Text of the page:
There was no shark in Brigantine and certainly no beached seal in Manhattan. The NYSE trading floor did not flood, and the 10 or more Con Edison workers trapped at a damaged plant turned out not to exist. These rumors were briefly and embarrassingly juxtaposed in users’ Twitter timelines with real and often devastating stories about lives and property that had been destroyed, people in need of help, and a city’s infrastructure buckling under the weight of a historic storm.
But more important, perhaps, we already know they’re false.
Twitter’s capacity to spread false information is more than cancelled out by its savage self-correction. In response to thousands of retweets of erroneous Weather Channel and CNN reports that the New York Stock Exchange had been flooded with “three feet” of water, Twitter users, some reporters and many not, were relentless: Photos of the outside of the building, flood-free, were posted. Knowledgeable parties weighed in.
The micro-controversy drew to a close with a screenshot of a webcam inside the dry building, posted on Instagram and tweeted by what seemed like half of my timeline. Within a couple hours of the rumor’s birth, the NYSE Twitter account re-confirmed its death. The zeal with which people posted and reposted the correction seemed almost demented next to newer, more frightening news. But it was, in its own way, reassuring.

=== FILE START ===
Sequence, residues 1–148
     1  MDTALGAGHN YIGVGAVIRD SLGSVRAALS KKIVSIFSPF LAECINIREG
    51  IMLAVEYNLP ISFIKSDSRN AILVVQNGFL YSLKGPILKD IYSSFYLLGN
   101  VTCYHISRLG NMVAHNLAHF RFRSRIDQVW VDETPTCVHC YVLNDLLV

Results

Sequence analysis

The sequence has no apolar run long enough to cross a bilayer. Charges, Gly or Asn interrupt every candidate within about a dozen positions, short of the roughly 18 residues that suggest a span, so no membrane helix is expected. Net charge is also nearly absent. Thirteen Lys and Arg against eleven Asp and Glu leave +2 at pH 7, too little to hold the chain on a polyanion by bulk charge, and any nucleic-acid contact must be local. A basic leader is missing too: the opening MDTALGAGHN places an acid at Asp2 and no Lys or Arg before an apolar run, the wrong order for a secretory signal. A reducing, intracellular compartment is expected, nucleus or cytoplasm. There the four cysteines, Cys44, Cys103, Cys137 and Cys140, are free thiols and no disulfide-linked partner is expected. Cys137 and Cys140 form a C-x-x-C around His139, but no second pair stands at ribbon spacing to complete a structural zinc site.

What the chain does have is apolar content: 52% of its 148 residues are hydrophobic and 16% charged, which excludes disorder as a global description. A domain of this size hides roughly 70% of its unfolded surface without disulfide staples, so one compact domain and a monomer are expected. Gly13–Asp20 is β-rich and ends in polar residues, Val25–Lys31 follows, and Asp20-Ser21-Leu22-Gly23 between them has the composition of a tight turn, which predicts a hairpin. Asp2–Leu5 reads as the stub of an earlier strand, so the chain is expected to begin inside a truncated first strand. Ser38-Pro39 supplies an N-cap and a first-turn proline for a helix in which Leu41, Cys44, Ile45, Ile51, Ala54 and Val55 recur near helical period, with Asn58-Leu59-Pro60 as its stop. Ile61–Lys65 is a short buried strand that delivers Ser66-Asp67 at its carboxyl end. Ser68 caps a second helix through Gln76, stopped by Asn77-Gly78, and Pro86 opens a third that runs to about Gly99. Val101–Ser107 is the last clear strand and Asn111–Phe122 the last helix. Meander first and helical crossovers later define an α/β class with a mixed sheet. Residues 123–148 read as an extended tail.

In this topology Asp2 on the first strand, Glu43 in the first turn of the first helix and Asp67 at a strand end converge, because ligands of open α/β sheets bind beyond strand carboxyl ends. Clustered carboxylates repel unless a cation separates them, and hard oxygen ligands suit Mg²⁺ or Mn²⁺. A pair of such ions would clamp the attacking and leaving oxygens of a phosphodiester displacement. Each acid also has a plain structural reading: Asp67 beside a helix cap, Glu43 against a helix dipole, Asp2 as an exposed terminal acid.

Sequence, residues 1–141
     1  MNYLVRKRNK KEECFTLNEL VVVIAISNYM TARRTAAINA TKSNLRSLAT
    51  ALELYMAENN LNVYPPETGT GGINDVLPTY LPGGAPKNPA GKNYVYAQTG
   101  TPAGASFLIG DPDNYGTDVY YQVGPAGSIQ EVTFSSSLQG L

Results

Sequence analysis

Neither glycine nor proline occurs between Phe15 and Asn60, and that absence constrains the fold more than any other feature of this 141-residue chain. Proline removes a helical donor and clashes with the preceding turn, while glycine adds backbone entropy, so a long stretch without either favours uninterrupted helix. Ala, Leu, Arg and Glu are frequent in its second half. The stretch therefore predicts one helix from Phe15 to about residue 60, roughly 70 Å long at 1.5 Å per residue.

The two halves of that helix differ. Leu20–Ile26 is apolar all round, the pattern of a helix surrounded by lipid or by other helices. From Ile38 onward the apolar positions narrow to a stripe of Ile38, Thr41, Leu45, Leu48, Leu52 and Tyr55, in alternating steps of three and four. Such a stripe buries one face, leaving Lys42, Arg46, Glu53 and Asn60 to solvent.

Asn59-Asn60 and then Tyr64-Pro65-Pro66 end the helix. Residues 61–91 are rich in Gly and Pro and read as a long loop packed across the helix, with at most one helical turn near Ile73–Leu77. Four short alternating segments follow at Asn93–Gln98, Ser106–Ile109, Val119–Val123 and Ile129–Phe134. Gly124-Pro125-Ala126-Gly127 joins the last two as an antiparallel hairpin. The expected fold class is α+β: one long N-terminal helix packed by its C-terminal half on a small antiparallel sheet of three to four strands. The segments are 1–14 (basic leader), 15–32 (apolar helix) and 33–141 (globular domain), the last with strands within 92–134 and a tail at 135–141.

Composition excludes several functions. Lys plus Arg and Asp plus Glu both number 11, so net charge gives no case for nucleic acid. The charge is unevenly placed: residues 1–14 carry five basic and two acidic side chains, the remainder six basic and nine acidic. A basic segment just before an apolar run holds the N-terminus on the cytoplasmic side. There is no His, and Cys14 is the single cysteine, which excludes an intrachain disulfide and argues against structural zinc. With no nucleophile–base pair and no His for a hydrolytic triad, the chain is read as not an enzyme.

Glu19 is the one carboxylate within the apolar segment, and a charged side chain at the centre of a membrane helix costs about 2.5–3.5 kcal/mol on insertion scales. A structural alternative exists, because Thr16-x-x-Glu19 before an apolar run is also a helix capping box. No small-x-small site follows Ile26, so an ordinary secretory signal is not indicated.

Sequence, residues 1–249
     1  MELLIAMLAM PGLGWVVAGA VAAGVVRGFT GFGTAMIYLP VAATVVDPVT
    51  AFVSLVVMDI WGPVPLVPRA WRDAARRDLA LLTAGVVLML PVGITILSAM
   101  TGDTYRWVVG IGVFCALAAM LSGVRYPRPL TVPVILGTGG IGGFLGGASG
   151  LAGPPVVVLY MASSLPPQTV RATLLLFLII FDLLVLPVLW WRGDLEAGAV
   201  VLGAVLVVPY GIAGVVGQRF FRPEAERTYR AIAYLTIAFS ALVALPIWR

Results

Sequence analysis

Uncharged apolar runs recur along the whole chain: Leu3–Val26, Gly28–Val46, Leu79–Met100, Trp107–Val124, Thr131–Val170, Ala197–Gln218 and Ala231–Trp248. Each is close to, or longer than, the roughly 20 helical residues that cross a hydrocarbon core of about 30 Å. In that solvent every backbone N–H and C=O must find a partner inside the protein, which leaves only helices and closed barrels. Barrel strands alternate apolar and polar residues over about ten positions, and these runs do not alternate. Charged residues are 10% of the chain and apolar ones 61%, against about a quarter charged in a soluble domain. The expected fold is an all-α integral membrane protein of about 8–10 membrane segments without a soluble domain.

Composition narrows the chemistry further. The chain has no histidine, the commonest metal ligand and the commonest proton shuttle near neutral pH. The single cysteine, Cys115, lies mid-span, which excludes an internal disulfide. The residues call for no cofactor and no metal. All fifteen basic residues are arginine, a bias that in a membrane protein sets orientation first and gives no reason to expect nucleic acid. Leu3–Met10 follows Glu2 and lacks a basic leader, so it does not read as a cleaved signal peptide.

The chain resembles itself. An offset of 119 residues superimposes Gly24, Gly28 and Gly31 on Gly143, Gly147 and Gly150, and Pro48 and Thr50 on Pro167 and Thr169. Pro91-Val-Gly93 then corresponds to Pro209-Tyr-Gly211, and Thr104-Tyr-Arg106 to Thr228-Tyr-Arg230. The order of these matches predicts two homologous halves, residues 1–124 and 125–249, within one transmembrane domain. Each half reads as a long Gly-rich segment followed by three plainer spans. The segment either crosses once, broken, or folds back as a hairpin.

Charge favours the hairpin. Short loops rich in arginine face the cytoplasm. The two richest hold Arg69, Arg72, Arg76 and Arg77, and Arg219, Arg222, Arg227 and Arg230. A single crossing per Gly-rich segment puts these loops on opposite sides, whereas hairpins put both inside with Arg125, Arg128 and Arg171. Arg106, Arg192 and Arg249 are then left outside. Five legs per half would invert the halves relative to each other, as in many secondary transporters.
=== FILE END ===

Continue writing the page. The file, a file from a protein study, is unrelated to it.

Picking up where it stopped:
Twitter beckons us to join every compressed news cycle, to confront every rumor or falsehood, and to see everything. This is what makes the service so maddening during the meta-obsessed election season, where the stakes are unclear and the consequences abstract. And it’s also what makes is so valuable during fast-moving, decidedly real disasters. Twitter is a fact-processing machine on a grand scale, propagating then destroying rumors at a neck-snapping pace. To dwell on the obnoxiousness of the noise is to miss the result: that we end up with more facts, sooner, with less ambiguity.
Initial misinformation has consequences, and a consensus correction on Twitter won’t stop any number of these rumors from going viral on Facebook. There, your claims are checked by your friends; on Twitter, if they spread, they’re open to direct scrutiny from people who might actually know the truth.
But even this process is dramatically condensed. The first draft of the popular history of 9/11 was written on live television by a group of exhausted, horrified and often isolated TV reporters. Misstatements, confusion, and some of the messier stages of live reporting, filtered across the country by phone, email and word of mouth without context. Much of the raw materiel of the “9/11 truth” movement is rooted in sloppy early news reports. Some of most insidious myths about Hurricane Katrina were seeded the same way. (It’s worth noting that tonight’s Con Ed rumor was effectively started on Reuters and ended with a tweet.)
The old adage “A lie can travel halfway around the world while the truth is putting on its shoes” should probably be abandoned along with other dated bits of wisdom: “Never argue with someone who buys ink by the barrel.”
Because the Internet today, as exasperating as it can be, is very good at one thing: vetting ascertainable facts.
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